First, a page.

It took three years to construct the statute mandating health insurance for every Massachusetts citizen, and countless months to develop the infrastructure officials are hoping will make the process painless. Now it’s time for residents to sign themselves up.
That was the message representatives from the Commonwealth Connector Authority (CCA) and the advocacy group Healthcare For All (HCFA) had to share at a June 6 Health Care Forum hosted by the Ward 19 and Ward 11 Democratic Committee’s at English High School.
The state estimates over 300,000 Massachusetts residents living without insurance at this time last year. Of these, about 79,000 have signed up for Commonwealth Care, the state’s new subsidized health insurance program, since it was unveiled last October. But, those were probably the easy ones, said Jennifer Chow, Outreach and Enrollment Manager for HCFA, said. “The people who signed up this year were ready. They were following what was going on and they signed up right away. This year there is going to be much more to do.”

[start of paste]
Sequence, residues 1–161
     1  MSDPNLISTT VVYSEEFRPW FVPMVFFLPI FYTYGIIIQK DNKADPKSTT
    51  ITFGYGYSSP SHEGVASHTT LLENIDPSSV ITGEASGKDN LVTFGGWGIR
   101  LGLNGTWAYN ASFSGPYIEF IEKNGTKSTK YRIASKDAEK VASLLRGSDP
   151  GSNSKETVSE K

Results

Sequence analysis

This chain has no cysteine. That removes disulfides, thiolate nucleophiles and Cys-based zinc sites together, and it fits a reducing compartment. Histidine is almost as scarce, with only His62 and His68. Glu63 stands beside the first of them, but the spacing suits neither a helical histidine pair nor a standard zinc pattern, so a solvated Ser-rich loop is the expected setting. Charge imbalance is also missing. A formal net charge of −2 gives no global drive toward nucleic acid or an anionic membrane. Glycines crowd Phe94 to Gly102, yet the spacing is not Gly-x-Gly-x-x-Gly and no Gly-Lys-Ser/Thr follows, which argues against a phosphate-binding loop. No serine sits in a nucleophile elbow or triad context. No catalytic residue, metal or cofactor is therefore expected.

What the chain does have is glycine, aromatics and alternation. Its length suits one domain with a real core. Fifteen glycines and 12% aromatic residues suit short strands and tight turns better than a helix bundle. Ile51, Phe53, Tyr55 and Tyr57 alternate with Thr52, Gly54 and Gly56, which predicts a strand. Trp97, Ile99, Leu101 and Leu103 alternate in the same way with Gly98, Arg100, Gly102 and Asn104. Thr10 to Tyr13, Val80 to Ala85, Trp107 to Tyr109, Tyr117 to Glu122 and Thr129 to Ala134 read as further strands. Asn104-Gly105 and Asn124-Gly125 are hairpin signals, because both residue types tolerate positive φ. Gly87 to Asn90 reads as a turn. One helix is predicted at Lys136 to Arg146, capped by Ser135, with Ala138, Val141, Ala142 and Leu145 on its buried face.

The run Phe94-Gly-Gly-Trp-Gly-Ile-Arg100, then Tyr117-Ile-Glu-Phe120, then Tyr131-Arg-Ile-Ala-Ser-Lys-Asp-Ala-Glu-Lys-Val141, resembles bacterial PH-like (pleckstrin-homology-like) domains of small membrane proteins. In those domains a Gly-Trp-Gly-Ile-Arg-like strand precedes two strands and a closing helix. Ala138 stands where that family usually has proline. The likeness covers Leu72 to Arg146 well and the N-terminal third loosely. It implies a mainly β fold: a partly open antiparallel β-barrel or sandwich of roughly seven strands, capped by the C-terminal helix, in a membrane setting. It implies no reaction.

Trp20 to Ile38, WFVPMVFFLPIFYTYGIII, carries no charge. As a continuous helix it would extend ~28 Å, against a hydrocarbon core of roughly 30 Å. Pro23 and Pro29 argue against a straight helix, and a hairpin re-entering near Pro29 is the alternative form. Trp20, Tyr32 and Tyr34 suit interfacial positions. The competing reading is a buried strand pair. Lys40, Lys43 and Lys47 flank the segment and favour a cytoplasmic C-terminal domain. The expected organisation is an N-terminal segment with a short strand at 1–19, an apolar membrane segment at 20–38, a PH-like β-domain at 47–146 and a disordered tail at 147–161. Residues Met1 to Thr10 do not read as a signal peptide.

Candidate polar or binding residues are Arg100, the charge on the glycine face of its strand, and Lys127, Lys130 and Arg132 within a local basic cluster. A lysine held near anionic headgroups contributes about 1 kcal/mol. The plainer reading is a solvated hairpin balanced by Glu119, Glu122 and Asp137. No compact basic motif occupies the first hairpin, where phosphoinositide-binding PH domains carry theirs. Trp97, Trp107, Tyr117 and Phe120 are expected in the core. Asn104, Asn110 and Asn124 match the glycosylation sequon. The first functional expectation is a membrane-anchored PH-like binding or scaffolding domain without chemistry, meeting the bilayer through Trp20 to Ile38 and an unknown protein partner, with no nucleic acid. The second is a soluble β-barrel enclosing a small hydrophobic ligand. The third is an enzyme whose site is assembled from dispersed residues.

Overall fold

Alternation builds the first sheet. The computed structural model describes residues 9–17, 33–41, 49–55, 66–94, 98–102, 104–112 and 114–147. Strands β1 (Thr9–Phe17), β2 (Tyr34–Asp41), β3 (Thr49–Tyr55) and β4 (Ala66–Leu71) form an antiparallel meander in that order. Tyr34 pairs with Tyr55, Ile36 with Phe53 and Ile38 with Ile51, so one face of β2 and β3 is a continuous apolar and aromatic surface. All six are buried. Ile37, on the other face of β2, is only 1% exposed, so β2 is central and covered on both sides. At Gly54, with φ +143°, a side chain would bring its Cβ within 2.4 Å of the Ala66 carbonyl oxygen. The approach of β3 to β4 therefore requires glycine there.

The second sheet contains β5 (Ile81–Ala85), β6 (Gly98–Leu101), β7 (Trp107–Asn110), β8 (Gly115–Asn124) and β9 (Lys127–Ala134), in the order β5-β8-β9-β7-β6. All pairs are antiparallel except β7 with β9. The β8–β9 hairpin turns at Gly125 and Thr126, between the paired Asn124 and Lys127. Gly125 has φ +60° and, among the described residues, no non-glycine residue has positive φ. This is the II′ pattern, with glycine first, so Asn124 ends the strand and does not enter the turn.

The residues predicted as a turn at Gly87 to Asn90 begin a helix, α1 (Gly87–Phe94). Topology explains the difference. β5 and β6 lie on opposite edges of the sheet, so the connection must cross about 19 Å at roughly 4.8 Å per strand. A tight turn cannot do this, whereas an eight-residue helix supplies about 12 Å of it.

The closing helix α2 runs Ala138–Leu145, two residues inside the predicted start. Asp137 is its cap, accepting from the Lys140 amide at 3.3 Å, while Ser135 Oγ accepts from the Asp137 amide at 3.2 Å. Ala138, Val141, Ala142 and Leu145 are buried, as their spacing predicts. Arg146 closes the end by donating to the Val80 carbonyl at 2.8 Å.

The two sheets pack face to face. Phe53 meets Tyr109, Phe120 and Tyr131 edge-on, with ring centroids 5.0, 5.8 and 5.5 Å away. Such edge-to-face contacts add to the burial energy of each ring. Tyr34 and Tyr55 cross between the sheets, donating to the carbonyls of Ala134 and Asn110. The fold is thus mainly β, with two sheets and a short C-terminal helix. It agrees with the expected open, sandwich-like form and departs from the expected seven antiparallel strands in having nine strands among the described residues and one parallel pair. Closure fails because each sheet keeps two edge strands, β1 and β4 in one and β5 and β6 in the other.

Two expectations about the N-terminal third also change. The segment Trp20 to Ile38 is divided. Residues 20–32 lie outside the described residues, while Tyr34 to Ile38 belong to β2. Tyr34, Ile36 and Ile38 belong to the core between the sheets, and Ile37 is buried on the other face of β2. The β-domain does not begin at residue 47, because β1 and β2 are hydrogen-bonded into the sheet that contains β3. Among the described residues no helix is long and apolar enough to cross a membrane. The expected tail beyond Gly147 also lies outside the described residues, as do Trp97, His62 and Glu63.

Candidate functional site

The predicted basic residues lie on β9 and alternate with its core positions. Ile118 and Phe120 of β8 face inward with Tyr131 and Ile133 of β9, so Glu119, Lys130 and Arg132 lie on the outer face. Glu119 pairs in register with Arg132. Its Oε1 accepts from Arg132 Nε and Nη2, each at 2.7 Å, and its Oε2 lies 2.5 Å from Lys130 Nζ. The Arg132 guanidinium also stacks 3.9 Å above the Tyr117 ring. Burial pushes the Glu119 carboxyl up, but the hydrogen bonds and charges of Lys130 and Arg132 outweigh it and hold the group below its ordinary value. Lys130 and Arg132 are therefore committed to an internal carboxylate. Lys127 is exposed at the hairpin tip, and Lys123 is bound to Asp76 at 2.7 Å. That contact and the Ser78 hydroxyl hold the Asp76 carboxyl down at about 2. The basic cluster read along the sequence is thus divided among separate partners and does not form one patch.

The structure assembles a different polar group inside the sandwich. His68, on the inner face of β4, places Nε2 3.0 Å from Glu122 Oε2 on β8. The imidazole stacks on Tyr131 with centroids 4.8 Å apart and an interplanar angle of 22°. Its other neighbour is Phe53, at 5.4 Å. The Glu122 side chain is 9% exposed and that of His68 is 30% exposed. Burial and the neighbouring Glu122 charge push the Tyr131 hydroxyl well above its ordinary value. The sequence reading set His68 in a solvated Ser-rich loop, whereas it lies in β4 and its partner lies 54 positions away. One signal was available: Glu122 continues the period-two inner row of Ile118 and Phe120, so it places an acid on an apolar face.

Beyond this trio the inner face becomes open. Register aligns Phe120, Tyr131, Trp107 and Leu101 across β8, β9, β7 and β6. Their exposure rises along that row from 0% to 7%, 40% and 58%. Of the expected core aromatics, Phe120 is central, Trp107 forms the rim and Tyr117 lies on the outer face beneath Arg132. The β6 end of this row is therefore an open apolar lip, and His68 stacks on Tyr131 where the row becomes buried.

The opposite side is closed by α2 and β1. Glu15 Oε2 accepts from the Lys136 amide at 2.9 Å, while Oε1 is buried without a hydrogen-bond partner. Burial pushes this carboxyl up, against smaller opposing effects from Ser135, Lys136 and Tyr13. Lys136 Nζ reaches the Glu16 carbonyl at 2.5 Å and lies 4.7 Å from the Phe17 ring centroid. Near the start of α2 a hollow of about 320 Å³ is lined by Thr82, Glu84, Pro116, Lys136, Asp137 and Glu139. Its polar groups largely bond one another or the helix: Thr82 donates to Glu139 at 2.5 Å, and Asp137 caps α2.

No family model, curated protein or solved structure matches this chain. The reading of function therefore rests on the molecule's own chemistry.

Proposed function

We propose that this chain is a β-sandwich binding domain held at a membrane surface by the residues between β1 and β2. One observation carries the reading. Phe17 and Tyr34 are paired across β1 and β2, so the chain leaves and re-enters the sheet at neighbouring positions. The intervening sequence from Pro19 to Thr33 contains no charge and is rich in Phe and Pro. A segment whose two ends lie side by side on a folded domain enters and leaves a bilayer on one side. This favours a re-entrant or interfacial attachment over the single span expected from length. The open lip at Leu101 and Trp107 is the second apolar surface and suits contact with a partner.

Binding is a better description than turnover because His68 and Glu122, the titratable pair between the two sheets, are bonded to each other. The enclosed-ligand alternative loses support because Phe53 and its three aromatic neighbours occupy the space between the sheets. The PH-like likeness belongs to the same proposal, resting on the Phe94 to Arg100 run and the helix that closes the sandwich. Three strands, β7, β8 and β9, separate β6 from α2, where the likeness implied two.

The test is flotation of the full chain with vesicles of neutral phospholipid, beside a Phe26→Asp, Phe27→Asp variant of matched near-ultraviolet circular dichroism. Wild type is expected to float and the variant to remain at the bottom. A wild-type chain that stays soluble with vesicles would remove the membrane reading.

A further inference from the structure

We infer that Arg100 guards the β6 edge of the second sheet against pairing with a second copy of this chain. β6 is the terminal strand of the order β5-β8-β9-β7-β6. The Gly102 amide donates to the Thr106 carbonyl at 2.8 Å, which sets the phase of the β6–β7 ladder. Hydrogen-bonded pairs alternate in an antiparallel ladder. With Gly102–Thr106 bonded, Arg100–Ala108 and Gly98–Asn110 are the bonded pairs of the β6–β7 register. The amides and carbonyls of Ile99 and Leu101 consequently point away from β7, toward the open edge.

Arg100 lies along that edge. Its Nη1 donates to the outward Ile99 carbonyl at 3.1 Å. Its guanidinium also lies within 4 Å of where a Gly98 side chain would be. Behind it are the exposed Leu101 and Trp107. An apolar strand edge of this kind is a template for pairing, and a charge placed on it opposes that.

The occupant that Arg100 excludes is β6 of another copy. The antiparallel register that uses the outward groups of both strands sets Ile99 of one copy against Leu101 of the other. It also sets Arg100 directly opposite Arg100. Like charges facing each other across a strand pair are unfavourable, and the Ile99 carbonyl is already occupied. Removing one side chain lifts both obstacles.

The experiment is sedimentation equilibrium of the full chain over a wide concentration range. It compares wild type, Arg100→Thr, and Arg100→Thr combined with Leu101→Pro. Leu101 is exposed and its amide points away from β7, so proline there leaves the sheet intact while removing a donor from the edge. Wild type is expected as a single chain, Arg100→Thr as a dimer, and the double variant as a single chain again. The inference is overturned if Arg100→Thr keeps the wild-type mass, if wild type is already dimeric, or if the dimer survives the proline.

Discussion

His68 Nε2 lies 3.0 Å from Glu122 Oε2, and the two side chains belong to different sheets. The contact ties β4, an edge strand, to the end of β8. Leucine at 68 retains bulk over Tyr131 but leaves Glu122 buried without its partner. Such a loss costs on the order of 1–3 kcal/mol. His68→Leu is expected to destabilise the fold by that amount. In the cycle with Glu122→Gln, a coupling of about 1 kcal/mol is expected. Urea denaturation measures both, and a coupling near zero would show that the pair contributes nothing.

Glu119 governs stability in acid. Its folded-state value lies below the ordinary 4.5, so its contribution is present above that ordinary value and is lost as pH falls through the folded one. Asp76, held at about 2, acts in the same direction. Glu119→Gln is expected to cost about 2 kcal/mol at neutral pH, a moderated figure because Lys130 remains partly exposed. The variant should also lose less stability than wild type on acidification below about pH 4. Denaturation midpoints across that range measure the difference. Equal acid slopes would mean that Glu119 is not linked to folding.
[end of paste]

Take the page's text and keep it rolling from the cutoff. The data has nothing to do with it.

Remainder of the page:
Commonwealth Choices, the apparatus by which the state hopes to connect people who it says can afford market-rate coverage with approved plans, recently went on-line.
The success of either of these programs, and of the Commonwealth’s experiment in offering citizens access to coverage, is dependent on individual participation, CCA Associate Eric Dahlberg told the crowd of about 30 people in the Boston English Auditorium. “The grand philosophy is one of shared responsibility. Individual responsibility has a role to play, state government has a role to play, and employers have a role to play,” Dahlberg said.
At the beginning of the forum, which was taped by the Boston Neighborhood Network cable-access station, Dahlberg joked about the small size of the crowd. “For those of you [in the television viewing audience] who can’t see, the room is bursting at the seams. It is like Fenway Park on game day,” he said.
Although July 1 is the official deadline for residents to have acquired a healthcare plan, financial penalties for failure to enroll will no affect anyone who gets a plan before Dec. 31, 2007.
“We do not want this process to be punitive. We want to give everyone the opportunity to adjust, to get up to speed on this,” Dahlberg said.
The only penalty for not having health insurance by the beginning of the 2008 calendar year is the potential loss of one’s personal exemption on their state income tax, to the tune of about $220, Dahlberg said.